Should all mediation be structured in the same way? |
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Should all mediation be structured in the same way?

Published on Saturday, 12 Dec 2015

The Mediation Process

Those who have been involved in mediation may think that it is a highly structured process, comprising of the mediation agreement, opening statement, opening presentations, joint discussions, separate sessions, and a final agreement. In fact, mediation can be a flexible process.

Aimed at building consensus and agreement, mediation involves certain steps. It’s important for mediators to identify the interests of the two parties and explore the issues at stake in group meetings. In some cases, separate meetings with each party are required. To reach an agreement, common ground must be identified and options for agreement which are acceptable to both parties must be identified. Both parties should be allowed to express their frustration, anger or disappointment. 

All these are important elements of mediation. However, do all these aspects really needed to be structured and strictly followed? This may not be the best approach when handling disputes in the workplace.

In workplaces, the common conflicts are mainly between colleagues in the imbalance or differences in workload, leave, salaries etc. To resolve these conflicts, the employers or the supervisors will normally be the mediators to resolve such conflicts. Some of them resolve the conflicts using the mediation process and techniques mentioned above but they do not realise that they have in fact carrying out the role of a mediator.

The Case

In a case that illustrates this point, an employer acted as a mediator to resolve a workplace conflict.

Two of his younger employees, A and B, were good friends who had studied together at university and joined the same company after graduation. Knowing that they were friends, the employer assigned them to the same team, but requested that they handle different projects. After six months, much to the employer’s surprise, A resigned. 

My experience as a mediator has shown me that an employee will seldom tell his or her boss the real reasons for resignation unless he or she feels that the employer is a close friend. In this case, the employer had always treated his employees as though they were friends or family members. As a result, A treated him as a close friend and was willing to tell him the truth when questioned about his resignation.

A told his employer that he resigned because the projects assigned to him were of less value and complexity than those assigned to B. A felt that he was less important to the company than B was.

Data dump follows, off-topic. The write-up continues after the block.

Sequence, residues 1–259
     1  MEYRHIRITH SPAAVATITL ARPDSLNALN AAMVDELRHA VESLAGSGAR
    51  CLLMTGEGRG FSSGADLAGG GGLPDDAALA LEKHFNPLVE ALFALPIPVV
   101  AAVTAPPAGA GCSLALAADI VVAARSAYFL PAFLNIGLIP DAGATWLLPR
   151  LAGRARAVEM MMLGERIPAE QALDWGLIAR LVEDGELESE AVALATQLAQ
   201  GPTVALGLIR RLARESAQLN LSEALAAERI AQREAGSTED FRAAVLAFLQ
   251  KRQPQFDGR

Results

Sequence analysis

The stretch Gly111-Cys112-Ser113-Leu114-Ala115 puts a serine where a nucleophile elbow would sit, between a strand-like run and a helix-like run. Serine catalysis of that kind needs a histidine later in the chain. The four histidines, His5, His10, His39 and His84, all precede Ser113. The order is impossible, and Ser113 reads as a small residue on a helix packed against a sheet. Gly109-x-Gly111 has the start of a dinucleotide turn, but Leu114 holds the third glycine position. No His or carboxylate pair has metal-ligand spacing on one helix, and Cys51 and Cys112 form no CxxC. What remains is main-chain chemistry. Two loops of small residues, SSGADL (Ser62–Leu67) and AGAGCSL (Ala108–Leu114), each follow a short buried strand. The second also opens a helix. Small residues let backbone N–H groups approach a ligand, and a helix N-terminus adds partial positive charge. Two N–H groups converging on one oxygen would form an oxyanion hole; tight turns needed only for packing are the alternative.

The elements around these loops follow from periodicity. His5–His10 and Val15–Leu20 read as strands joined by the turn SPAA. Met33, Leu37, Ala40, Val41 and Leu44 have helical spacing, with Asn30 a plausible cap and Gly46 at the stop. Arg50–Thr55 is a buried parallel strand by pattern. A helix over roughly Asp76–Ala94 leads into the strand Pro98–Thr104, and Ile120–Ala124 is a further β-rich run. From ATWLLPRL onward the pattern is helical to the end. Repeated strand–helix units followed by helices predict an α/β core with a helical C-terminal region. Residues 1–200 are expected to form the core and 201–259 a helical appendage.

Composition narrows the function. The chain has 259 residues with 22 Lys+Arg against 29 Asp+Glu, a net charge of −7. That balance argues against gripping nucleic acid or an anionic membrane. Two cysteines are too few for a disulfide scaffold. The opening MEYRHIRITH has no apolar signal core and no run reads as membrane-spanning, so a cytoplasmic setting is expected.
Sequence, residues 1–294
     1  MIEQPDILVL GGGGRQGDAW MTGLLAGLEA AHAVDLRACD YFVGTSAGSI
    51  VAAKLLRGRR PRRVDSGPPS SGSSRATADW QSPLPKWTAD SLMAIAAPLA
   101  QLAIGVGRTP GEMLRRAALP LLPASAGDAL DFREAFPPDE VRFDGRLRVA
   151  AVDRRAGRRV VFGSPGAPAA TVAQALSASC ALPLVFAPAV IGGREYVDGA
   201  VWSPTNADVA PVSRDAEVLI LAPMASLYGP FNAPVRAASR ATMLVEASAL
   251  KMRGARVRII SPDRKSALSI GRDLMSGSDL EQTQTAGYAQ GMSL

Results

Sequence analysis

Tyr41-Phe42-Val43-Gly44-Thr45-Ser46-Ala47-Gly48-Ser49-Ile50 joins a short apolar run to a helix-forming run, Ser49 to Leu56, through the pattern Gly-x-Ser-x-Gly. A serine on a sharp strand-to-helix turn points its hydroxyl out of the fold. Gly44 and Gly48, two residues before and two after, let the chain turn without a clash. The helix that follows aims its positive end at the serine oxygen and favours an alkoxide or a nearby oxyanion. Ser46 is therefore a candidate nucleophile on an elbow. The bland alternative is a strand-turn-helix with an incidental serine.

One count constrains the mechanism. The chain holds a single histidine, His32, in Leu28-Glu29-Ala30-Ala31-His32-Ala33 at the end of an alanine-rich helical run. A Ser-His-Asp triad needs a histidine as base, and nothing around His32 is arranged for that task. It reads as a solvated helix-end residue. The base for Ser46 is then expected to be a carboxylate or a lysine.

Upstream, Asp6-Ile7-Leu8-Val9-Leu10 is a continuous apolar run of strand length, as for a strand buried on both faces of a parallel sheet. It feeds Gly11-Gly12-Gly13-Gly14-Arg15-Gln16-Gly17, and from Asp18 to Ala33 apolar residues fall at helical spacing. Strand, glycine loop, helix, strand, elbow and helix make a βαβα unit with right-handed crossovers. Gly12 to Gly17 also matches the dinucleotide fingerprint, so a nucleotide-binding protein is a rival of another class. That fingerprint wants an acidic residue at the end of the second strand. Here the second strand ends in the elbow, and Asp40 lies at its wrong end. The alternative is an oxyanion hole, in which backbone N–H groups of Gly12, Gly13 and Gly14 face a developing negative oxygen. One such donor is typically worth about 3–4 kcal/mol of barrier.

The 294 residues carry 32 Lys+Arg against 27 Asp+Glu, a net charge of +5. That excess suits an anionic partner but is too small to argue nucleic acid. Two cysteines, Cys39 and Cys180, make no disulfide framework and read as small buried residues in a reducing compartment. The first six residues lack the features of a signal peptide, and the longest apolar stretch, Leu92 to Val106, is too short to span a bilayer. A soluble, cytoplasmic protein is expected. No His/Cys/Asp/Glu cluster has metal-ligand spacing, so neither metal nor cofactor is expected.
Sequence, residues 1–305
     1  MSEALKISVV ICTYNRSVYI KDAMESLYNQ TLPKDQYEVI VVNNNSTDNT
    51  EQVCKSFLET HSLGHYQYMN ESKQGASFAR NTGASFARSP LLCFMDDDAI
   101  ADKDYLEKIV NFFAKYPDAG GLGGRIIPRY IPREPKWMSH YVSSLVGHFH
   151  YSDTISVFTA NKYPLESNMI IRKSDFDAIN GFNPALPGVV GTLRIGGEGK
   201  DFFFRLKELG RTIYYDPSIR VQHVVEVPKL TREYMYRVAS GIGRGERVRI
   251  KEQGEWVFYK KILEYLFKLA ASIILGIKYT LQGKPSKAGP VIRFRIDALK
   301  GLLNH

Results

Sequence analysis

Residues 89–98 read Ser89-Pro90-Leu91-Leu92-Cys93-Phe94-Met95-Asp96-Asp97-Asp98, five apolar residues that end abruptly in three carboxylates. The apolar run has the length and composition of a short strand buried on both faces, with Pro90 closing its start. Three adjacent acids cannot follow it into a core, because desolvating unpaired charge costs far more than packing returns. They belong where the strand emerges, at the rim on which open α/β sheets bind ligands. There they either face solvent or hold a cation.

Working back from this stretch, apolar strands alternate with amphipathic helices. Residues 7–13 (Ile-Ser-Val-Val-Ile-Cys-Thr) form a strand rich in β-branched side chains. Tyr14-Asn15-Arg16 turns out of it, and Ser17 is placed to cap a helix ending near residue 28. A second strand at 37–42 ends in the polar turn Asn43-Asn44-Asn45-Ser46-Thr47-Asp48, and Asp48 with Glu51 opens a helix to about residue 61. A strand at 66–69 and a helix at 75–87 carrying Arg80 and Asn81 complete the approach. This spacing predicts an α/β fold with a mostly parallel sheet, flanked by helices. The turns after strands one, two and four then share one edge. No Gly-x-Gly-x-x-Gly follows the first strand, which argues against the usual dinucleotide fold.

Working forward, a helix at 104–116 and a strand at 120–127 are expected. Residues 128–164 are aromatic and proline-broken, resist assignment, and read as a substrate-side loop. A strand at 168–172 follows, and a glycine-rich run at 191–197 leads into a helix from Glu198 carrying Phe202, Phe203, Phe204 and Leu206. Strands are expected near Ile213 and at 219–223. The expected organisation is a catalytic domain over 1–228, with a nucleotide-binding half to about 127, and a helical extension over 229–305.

Since A had achieved better academic results at university than B, he felt justified in his belief that he was unfairly treated. In addition, A had heard from other staff members in the company that B’s salary was higher than his because B was of more importance to the company. Unbeknownst to A, their salaries were the same.

After listening to A’s reasons for resignation, the employer explained to A that their salaries were, in fact, the same. He also explained that A was assigned three simpler projects, while B was assigned a single, more complex, project, and thus both were being treated equally and fairly.

The employer also met with B to find out his views on the project assigned to him. In that discussion, B expressed the feeling that he had not been treated fairly because he was required to handle a more complex project than the ones A was dealing with. The employer similarly explained to B that he had balanced the number of projects handled by each staff member with each projects’ relative complexity. 

The employer also arranged a barbecue at his house and invited all his staff. At the party, the employer took A and B aside to have a casual chat with them. After drinking some beer, the employer explained to both of them together the structure of the company and how projects were allocated. All misunderstandings between the two were cleared up and they became good friends again. The next day, A withdrew his resignation.

The Conclusion

Although the employer was not a trained mediator, he nonetheless employed the techniques and processes used in mediation. These include building trust with employees by treating them as friends; treating all staff members fairly and equally; using private and joint sessions to discuss disputes; encouraging staff to express their concerns and grievances; and using a relaxed environment to resolve the conflict. These are all very important ingredients of a successful mediation and negotiation. 

Workplace conflicts occur every day, in every company. 

A good relationship between employers and staff members, with open communication, is important for maintaining harmony. All employers can be good mediators by using the mediation and negotiation techniques mentioned above.

This article appeared in the Classified Post print edition as Friends’ friction requires boss’s delicate touch.

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